The world today is a terrifying place. Usually, when overwhelmed, I turn off my phone and turn on a Jane Austen adaptation. For me, they are familiar, funny, safe and cathartic – as Mrs Jennings says in Emma Thompson’s Sense & Sensibility of weepy Marianne: “Better let her have her cry out and have done with it.” Earlier in lockdown, I watched all six hours of 1995’s Pride & Prejudice, blew my nose, and promptly started it again. Cry, rinse, repeat.
Now, retreating into box sets seems woefully inappropriate, as we see daily evidence of the undeniable racism that permeates society, and the brutality shown to those who stand up against it. Comfort watching doesn’t cut it.
But one video has moved me. Better than comfort, it offers hope. It is the footage of Black Lives Matter protesters in Bristol toppling the statue of slave-trader Edward Colston. (Colston played a key role in transporting over 84,000 enslaved Africans – his resultant wealth built many historic buildings in the city; many streets and landmarks bear his name.) Pulling on ropes attached to the statue’s neck, protesters shout with shock and joy as Colston’s likeness clatters down. (It is later thrown in the same harbour where his slave ships docked.) Something that once seemed a permanent monument to barbarism now seems a pathetic relic. Watching the video, we witness the power of collective action in real time. It is a beautiful scene; an ecstatic reversal of lynch mob imagery. In an instant, these protesters have changed the face of Bristol.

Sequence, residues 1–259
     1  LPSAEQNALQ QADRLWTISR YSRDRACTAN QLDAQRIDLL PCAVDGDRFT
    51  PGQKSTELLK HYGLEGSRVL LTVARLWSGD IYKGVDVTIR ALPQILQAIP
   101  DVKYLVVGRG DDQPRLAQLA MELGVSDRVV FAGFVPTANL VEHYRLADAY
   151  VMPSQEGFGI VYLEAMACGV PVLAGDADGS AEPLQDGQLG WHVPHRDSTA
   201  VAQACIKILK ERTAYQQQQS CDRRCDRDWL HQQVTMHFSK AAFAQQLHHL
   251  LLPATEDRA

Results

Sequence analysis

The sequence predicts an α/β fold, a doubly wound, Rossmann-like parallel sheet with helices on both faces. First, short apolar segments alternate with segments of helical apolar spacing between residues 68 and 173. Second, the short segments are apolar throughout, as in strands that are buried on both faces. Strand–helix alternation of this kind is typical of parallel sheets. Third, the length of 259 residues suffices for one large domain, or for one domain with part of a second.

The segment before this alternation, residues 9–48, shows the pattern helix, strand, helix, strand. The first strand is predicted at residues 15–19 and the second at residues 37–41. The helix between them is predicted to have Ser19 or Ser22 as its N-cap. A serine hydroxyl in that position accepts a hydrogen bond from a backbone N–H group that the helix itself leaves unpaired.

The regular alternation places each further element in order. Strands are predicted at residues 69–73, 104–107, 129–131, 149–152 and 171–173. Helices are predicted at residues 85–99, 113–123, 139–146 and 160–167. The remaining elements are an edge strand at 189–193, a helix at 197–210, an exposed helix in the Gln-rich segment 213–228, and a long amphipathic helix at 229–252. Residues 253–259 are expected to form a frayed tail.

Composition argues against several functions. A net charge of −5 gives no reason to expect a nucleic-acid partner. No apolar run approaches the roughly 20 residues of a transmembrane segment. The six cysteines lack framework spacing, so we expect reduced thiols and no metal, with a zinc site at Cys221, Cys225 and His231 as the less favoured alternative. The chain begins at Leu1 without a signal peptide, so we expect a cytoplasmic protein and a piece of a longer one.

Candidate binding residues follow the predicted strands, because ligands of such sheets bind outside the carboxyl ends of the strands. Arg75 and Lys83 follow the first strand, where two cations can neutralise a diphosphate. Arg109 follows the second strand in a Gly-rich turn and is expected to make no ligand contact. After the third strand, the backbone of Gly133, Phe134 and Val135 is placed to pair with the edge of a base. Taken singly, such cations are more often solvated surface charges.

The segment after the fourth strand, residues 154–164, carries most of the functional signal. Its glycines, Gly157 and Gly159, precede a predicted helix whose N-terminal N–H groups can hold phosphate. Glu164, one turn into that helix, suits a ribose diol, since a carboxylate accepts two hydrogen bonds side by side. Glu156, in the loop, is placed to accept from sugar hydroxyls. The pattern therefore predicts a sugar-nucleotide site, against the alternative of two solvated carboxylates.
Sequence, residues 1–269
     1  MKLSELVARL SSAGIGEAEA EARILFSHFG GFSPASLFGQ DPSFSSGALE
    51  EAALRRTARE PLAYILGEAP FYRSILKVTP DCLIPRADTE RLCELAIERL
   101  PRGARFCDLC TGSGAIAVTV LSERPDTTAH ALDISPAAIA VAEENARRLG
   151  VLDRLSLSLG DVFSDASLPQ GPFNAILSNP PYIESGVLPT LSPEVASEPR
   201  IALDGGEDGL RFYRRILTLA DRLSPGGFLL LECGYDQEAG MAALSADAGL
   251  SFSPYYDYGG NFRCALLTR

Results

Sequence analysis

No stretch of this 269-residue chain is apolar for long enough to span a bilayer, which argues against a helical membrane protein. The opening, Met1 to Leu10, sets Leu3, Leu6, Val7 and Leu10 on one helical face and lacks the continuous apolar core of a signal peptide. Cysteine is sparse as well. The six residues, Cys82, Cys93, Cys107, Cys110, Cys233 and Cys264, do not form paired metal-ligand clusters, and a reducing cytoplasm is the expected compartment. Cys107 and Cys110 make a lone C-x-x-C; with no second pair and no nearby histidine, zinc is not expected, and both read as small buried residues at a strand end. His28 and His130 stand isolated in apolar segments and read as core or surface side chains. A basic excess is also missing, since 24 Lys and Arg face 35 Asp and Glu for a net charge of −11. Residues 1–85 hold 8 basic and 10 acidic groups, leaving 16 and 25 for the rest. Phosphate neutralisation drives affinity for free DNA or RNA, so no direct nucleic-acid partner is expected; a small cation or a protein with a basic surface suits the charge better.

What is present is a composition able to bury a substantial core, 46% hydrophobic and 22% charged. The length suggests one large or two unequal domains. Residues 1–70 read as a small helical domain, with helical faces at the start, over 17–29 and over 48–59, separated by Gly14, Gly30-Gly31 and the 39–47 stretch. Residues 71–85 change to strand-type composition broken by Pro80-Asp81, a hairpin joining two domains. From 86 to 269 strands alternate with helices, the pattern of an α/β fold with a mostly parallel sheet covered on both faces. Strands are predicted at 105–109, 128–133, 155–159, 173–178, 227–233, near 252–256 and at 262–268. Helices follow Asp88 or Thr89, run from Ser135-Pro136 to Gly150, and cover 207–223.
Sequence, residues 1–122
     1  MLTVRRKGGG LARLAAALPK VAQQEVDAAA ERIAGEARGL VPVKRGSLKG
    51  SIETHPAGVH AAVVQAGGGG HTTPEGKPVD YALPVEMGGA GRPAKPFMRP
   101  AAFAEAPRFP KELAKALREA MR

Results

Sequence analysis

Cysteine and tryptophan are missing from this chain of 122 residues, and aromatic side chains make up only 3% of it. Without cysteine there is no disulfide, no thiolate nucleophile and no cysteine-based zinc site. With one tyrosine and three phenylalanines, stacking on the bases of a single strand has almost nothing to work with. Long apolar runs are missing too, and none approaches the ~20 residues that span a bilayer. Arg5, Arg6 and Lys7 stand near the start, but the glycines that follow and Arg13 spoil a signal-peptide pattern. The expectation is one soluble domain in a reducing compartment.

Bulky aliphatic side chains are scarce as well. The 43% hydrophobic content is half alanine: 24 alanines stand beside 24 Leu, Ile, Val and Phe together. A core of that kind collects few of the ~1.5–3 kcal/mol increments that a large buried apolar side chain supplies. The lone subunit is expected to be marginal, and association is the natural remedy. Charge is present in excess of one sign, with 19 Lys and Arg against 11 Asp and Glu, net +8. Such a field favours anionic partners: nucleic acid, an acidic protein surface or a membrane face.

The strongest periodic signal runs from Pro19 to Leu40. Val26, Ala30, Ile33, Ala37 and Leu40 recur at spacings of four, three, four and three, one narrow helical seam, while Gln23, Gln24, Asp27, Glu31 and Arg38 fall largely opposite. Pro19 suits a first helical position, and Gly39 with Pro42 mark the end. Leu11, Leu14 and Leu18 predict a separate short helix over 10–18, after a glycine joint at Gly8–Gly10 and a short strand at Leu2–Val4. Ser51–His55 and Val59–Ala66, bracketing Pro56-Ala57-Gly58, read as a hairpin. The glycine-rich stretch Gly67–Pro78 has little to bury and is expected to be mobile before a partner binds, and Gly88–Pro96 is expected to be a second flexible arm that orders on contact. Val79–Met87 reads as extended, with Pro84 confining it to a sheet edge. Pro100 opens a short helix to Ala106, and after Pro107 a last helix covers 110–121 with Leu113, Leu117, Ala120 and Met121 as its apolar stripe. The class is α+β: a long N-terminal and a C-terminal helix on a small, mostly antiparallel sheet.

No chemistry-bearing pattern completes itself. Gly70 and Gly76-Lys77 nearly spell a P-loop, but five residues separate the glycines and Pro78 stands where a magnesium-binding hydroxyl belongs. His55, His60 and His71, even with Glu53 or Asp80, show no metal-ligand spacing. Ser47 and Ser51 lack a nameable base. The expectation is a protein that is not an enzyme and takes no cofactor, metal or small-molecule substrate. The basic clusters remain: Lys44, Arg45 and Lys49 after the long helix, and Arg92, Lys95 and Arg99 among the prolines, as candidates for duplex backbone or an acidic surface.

Removing symbols is not the same as removing the racist structures that support our society. But I am galvanised by the protesters who defied defenders of racist monuments as “history”, and made history themselves instead.
This article appears in the 10 Jun 2020 issue of the New Statesman, A world in revolt